Figure 8 shows the model to predict the harvesting days for FFB 20-year-old oil palm tree. The graph relationship of mesocarp oil content with Hue digital value was combined with the graph of mesocarp oil content with days to harvest FFB (indicated as red line). The mesocarp oil content was found developed at 54 days before harvesting the FFB. The zero day meant the day for harvest the FFB at maximum mesocarp oil content of 75% (indicated as blue dash line). Figure 8 is used as a standard graph to predict the harvesting days for FFB of 20 years old.
3.2. Estimation for Harvesting the 16-Year-Old FFB
The data included for harvesting the 16-year-old FFB also was published as mentioned by Razali et al., . Otherwise there is a need to find a relationship between the age of FFB cycle time on all data experiments; for earlier time of harvestings was at 5 years old, 16 years old stand as at middle while 25 years stand as at the end of time cycle for FFB. Figure 9 shows the estimation model of mesocarp oil content for harvesting date prediction. High correlation of found for relationship of mesocarp oil content versus date for harvesting with equation of and regression squared, = 0.904 was high and acceptable. The oil was developed in the fruit at 66 days before harvesting the FFB for 16-year-old oil palm fruits.
Figure 10 shows the model to predict the harvesting days for FFB 16 years old oil palm tree. The graph relationship of mesocarp oil content with Hue digital value was combined with the graph of mesocarp oil content with days to harvest FFB (indicated as red line). The mesocarp oil content was found developed at 66 days before harvesting the FFB. Along 66 to 0 days, the minor unit in the graph was divided into 35, and every unit had 1.89 days. The zero days meant the day for harvest the FFB at maximum mesocarp oil content of 75%, (indicated as blue dash line). Let us say if the captured image of FFB had Hue of 180, the oil content was 57%, and the fruit will require 17 days or 408 hours for harvesting the FFB (indicated as blue line).
3.3. Estimation for Harvesting the 5 Year-Old FFB
Figure 11 shows the estimation model of mesocarp oil content for harvesting date prediction. High correlation of found for relationship of mesocarp oil content versus date for harvesting with equation of and regression squared, = 0.80 was high and acceptable. From the graph, the oil content was 65% developed in the fruit at 60 days before harvesting the FFB for 5 year-old oil palm fruits.
The regression squared of for 5 years old tree FFB was found low compared with 16 and 20 years old. That was due to experiment date did not start at 0% mesocarp oil content. In actual experiment, we do not know the content of the oil in the fruit FFB. The determination of fruits mesocarp oil content was only measured using the basis procedure of standard bunch analysis. The Soxhlet extractor machine, oven, and so forth were used during experiment as earlier discussed. Figure 12 shows the model predicting the harvesting days for FFB 5 years old oil palm tree. The graph relationship of mesocarp oil content with Hue digital value was combined with the graph of mesocarp oil content with days to harvest FFB (indicated as red line). The mesocarp oil content was found 65% developed at 60 days before harvesting the FFB. Along 60 to 0 days, the minor unit in the graph was divided into 46 and every unit had 1.30 days. Zero day meant the day for harvest the FFB at maximum mesocarp oil content of 75% (indicated as blue dash line). Let us say if the captured image of FFB had Hue of 200, the oil content was 69.8%, and the fruit will require 33 days or 792 hours for harvesting the FFB (indicated as blue line).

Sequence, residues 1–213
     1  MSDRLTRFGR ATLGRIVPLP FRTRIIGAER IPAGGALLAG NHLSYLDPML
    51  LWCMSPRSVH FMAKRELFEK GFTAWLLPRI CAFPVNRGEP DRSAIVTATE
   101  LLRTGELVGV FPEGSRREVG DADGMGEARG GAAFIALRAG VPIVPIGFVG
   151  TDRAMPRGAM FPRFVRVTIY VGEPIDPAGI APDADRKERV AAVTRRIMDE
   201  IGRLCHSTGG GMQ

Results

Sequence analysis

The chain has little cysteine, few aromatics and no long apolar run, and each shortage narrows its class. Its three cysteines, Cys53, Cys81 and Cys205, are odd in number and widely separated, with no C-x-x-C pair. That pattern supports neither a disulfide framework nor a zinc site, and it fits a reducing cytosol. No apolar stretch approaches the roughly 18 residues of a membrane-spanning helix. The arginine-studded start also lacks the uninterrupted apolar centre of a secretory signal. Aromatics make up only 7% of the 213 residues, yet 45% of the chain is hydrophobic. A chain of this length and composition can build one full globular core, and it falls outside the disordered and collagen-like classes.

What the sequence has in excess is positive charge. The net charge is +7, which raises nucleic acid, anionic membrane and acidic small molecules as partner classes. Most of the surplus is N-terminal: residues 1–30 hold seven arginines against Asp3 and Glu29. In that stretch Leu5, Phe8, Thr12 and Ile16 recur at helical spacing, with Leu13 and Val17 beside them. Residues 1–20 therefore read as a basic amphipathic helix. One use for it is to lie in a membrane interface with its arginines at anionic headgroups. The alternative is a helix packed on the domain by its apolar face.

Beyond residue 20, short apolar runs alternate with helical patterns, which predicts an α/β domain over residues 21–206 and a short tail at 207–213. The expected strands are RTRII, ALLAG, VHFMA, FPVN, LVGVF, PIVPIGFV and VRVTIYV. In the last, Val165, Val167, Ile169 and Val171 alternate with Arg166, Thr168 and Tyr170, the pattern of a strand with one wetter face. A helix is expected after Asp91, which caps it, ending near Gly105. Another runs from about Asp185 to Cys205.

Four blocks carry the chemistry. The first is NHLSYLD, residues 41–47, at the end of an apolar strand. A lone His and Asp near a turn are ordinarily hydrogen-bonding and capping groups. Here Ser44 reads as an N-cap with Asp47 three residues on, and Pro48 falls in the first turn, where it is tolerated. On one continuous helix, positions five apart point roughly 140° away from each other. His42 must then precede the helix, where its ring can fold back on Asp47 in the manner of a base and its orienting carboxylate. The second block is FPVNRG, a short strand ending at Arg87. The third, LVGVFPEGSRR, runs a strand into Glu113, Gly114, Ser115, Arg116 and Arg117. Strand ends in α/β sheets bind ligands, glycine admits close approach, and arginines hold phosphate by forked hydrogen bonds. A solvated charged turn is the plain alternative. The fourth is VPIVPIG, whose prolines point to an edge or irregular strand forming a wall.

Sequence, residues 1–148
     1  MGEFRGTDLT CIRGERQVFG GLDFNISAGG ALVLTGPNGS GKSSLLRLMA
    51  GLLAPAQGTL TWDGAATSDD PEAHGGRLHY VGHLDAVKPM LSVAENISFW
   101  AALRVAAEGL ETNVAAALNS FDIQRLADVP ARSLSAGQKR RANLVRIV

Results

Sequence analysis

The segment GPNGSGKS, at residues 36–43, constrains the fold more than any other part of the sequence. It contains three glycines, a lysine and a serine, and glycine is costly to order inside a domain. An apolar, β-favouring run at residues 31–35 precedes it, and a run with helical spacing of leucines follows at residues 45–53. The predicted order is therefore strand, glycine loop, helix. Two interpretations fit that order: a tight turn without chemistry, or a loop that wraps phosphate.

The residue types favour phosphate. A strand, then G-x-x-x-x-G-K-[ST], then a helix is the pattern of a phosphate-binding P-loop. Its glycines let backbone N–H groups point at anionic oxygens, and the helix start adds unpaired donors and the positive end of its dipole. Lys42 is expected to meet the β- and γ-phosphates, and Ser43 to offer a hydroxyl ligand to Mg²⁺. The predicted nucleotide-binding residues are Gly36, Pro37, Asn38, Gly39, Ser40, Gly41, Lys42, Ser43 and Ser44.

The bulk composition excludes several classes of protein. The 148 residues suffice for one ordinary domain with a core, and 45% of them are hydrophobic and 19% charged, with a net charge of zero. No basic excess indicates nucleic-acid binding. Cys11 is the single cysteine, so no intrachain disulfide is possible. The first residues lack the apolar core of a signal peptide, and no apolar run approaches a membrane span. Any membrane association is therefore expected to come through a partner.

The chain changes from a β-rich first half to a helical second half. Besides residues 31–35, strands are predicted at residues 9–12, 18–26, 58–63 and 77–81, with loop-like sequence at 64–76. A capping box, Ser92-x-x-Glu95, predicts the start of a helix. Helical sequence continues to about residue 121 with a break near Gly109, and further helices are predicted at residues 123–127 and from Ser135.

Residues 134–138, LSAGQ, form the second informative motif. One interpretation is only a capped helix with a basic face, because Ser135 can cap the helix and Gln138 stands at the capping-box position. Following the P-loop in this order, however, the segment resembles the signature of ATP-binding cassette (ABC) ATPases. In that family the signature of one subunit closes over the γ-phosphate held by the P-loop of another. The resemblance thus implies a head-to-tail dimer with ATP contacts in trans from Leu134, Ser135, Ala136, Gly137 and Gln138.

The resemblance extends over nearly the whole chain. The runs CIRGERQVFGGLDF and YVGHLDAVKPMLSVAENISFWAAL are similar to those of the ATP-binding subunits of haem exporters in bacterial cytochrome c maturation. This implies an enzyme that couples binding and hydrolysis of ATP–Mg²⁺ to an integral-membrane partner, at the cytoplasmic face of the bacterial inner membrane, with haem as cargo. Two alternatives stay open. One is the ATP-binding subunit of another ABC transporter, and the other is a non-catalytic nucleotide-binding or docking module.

3.4. Overall Estimation for Harvesting the FFB
Figure 13 shows the overall estimation model of mesocarp oil content for harvesting days prediction of FFB of 20, 16, and 5 years old oil palm tree. High correlation of found for relationship of mesocarp oil content versus date for harvesting with equation of and regression squared, = 0.81 was acceptable. From the graph in Figure 12, the oil was found to start developing in mesocarp fruit at 65 days before fruit at ripe maturity stage with indicated 75% oil to dry mesocarp.
The relationship between mesocarp oil content with Hue value of the FFB can be expressed by the following equation: where is mesocarp oil content in % and is Hue value. The mesocarp oil content was determined by Hue digital value using equation of (7). The Nikon digital camera used to capture the FFB image before uploading into analysis software that was developed using programming source code of Visual Basic. Figure 13 shows the estimation model of mesocarp oil content and harvesting days prediction for oil palm FFB. The harvesting days was determined based on the 75% mesocarp oil content which indicated as a ripe stage for FFB . Linear interpolation technique is used to fix the date for the oil content of mesocarp reaching at 75% as earlier discussed. The harvesting days of FFB was determined by percentage of mesocarp oil content using linear equation as shown in Figure 14. The development of oil in mesocarp fruit starts at 65 days before fruit at ripe maturity stage. Along 65 to 0 days, the minor unit in the graph was divided into 66 and every unit had 2.10 days for harvesting the FFB. Zero days meant the day for harvesting the FFB with maximum mesocarp oil content of 75% (indicated as blue dash line). Let us say if the captured image of FFB had Hue of 170, the oil content was 41% and the fruit will require 29 days for harvesting the FFB (indicated as blue line).